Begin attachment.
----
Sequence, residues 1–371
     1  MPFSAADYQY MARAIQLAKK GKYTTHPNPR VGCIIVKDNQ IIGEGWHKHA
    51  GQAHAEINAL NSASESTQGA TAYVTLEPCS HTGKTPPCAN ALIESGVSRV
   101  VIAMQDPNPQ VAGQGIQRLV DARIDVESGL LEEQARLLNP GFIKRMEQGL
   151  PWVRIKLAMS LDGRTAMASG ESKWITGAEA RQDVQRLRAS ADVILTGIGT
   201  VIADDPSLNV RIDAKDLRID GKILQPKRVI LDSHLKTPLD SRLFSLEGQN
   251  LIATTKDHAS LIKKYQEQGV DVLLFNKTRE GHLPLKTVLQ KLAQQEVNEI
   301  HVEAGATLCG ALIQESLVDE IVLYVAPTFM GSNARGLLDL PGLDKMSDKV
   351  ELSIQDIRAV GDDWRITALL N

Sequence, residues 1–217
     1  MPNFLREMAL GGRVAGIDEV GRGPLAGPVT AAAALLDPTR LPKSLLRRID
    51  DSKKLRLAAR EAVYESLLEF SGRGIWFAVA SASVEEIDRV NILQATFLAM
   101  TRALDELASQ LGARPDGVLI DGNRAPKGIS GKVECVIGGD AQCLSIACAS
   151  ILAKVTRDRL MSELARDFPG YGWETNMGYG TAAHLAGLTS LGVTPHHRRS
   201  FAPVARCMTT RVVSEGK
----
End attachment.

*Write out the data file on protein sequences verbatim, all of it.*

Sequence, residues 1–371
     1  MPFSAADYQY MARAIQLAKK GKYTTHPNPR VGCIIVKDNQ IIGEGWHKHA
    51  GQAHAEINAL NSASESTQGA TAYVTLEPCS HTGKTPPCAN ALIESGVSRV
   101  VIAMQDPNPQ VAGQGIQRLV DARIDVESGL LEEQARLLNP GFIKRMEQGL
   151  PWVRIKLAMS LDGRTAMASG ESKWITGAEA RQDVQRLRAS ADVILTGIGT
   201  VIADDPSLNV RIDAKDLRID GKILQPKRVI LDSHLKTPLD SRLFSLEGQN
   251  LIATTKDHAS LIKKYQEQGV DVLLFNKTRE GHLPLKTVLQ KLAQQEVNEI
   301  HVEAGATLCG ALIQESLVDE IVLYVAPTFM GSNARGLLDL PGLDKMSDKV
   351  ELSIQDIRAV GDDWRITALL N

Sequence, residues 1–217
     1  MPNFLREMAL GGRVAGIDEV GRGPLAGPVT AAAALLDPTR LPKSLLRRID
    51  DSKKLRLAAR EAVYESLLEF SGRGIWFAVA SASVEEIDRV NILQATFLAM
   101  TRALDELASQ LGARPDGVLI DGNRAPKGIS GKVECVIGGD AQCLSIACAS
   151  ILAKVTRDRL MSELARDFPG YGWETNMGYG TAAHLAGLTS LGVTPHHRRS
   201  FAPVARCMTT RVVSEGK